How to series…Conditions of Entry (COE)
Exhibiting your textile/fabric art – Part 2
These tips for understanding Conditions of Entry are geared towards those who want to give exhibiting a go or those who have just started and want to gain more confidence.
Exhibiting your work can be a wonderful experience. You get to see your work hanging along with that of your peers and others get to view a plethora of interesting and wide-ranging work.
Thing is, COE really matter and can make a huge difference to being accepted – or not!
They are there for a reason – the reason really isn’t the question.
Organiser’s can include anything they want – it’s their show, so it’s their way. They know their venue and their capabilities.
Of course, if they want to attract entrants, the COE will have to be reasonable.
COE should never be underestimated. They need careful attention.
If you haven’t exhibited before, give it a go. It’s a great way to improve your work and gain confidence. Just remember to enjoy the experience!
The more artists who exhibit, the more we all get to enjoy seeing innovative and creative work.
Condition of Entry tips:
- Read the COE carefully until you have absorbed everything. Read them over and over.
- Follow the COE or your work may not be selected. That would be a shame after all the time and effort you’ve put in. Tick them off one-by-one.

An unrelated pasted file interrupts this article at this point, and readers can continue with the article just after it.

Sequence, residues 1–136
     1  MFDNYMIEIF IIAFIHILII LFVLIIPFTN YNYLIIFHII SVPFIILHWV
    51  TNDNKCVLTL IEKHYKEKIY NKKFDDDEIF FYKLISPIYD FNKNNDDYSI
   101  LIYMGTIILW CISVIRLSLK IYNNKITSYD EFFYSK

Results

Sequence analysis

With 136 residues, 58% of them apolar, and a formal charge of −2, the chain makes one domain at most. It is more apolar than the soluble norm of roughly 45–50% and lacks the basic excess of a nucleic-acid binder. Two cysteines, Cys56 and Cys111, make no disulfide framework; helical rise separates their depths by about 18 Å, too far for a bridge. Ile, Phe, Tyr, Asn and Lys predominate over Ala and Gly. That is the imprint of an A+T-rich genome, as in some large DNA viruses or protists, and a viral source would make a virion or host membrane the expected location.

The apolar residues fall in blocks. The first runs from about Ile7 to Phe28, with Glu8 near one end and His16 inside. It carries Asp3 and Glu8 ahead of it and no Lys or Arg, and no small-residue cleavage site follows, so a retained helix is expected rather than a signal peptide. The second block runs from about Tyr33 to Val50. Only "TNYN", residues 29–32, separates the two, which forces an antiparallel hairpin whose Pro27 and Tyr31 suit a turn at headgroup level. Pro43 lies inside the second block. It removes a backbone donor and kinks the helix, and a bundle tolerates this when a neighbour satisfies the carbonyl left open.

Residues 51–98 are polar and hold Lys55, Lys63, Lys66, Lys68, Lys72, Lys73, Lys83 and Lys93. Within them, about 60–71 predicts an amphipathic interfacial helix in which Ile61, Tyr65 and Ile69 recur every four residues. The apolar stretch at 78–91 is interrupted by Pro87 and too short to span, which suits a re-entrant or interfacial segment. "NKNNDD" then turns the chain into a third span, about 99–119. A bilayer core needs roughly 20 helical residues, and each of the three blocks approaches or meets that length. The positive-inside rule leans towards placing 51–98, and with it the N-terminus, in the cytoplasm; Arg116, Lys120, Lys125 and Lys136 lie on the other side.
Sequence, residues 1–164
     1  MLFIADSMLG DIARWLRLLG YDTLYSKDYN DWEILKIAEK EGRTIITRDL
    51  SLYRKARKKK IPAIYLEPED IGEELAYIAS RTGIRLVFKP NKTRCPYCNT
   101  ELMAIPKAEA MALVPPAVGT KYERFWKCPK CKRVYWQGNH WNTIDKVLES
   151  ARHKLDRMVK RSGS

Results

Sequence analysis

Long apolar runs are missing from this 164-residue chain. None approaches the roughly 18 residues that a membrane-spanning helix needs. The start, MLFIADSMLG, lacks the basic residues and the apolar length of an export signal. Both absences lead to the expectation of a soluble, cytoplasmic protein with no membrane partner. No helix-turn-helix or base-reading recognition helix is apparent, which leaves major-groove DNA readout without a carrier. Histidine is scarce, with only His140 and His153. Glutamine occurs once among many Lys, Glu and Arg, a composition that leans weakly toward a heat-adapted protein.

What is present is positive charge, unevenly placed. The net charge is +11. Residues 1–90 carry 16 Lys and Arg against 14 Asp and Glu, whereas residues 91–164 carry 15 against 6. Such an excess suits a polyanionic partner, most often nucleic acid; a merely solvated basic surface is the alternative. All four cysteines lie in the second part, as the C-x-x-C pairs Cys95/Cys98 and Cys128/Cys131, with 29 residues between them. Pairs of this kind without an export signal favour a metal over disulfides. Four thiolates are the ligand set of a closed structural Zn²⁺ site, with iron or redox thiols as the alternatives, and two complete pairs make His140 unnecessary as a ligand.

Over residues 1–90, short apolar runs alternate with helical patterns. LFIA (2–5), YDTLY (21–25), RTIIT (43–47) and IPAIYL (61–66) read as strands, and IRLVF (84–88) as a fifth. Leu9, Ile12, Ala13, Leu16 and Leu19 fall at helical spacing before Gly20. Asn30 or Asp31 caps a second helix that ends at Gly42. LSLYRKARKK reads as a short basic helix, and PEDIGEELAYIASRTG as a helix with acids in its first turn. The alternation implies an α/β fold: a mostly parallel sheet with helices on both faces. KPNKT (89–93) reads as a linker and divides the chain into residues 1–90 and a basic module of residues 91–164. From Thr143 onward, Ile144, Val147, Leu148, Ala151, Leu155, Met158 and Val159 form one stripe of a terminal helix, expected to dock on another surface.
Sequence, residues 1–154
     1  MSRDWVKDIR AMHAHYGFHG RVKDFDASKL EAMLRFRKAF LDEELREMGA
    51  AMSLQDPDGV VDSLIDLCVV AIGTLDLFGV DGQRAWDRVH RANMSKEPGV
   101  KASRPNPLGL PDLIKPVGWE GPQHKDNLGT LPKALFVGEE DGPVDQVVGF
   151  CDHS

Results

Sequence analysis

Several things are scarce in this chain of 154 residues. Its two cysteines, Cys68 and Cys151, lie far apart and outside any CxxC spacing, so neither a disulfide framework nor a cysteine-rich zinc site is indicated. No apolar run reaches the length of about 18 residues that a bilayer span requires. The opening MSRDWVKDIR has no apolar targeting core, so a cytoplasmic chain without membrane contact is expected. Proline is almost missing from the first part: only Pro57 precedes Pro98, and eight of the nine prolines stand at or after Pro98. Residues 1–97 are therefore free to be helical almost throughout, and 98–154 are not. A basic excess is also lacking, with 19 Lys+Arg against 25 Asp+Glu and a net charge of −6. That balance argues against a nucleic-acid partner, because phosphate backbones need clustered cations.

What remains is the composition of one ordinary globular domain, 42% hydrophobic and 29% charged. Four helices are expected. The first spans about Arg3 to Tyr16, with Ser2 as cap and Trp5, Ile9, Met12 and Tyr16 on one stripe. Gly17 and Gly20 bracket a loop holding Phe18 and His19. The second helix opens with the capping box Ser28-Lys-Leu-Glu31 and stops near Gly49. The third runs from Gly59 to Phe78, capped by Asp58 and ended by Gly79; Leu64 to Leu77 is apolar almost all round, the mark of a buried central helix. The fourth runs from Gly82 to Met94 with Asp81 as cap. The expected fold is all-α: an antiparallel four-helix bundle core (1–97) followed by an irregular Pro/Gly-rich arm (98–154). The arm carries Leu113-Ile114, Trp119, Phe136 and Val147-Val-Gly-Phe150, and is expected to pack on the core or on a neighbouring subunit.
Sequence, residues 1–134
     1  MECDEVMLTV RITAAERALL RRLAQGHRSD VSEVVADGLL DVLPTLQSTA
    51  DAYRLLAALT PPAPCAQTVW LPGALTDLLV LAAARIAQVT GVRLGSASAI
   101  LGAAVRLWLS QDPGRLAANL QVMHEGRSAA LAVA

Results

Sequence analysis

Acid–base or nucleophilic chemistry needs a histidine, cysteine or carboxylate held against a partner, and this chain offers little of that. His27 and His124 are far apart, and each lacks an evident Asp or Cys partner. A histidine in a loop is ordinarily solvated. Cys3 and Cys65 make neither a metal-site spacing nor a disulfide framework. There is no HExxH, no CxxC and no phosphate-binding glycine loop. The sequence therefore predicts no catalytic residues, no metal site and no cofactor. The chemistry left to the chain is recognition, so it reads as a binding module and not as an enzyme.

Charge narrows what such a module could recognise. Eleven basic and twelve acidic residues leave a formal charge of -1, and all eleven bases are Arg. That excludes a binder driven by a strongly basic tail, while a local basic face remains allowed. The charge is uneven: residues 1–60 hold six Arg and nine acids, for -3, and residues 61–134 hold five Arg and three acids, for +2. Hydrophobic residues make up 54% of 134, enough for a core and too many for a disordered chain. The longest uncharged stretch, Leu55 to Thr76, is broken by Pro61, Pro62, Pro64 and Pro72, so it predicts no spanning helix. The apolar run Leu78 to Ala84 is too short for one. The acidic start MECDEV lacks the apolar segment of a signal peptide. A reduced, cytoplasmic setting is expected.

- Entries must arrive by the due date. Last minute entry puts more pressure on you.
- Write your Artist Statement when you begin the work. This gives you plenty of time to tweak it and make it perfect. A good Artist Statement is a thing of joy, but make sure it’s easy to read, not too long and in your voice. More on that in a later post.
- The design process should include delivery of work. It will make it easier for you.
- Have a box made if your work is large, dimensional or delicate. The extra cost is worth it. I have boxes made at Pack and Send.
- Have good images of your work following the COE guidelines. Organisers will use these in print or on the web. You need good images. No background, no washing line, no shadows etc.
- Ensure your work is clean. No dog or cat hairs or hanging threads.
- Check your name and contact details are on your work.
- Measure your work carefully and include dimension (depth).
- If it’s a member only exhibition, ensure your subs are up-to-date.
- You’ve been selected. Congratulations – that’s fantastic. Always a good email or letter to receive.
- Return of work to be organised at the same time it’s sent.
- If your work has to be posted/couriered,organise its return at the same time you send it.
- If you can go to the opening, go – and be proud. You’ve earned it. It’s been a long journey, but I bet you feel just fine. Enjoy the moment.
- If you’re rejected – and I’m sure it happens to most of us – don’t give up and don’t question. Use it to make you and your work stronger.
- Now, start your next piece….and just go for it! Good luck.
Enjoy the process…
As you can see from the points above, exhibiting your work successfully is basically all about following the Conditions of Entry. It makes sense for everyone to be working from the same guidelines.
Over the years I have learnt to obtain better images, to ensure I measure correctly and to label everything!
Finally, I truly wish you great success, but it’s not about winning as wonderful as that can be. It’s about your personal satisfaction in what you do and do well – and enjoying the process. I love the process!
Just go for it!
Quote of the week:
‘Whether you succeed or not is irrelevant, there is no such thing. Making your unknown known is the important thing – and keeping the unknown always beyond you’. Georgia O’Keeffe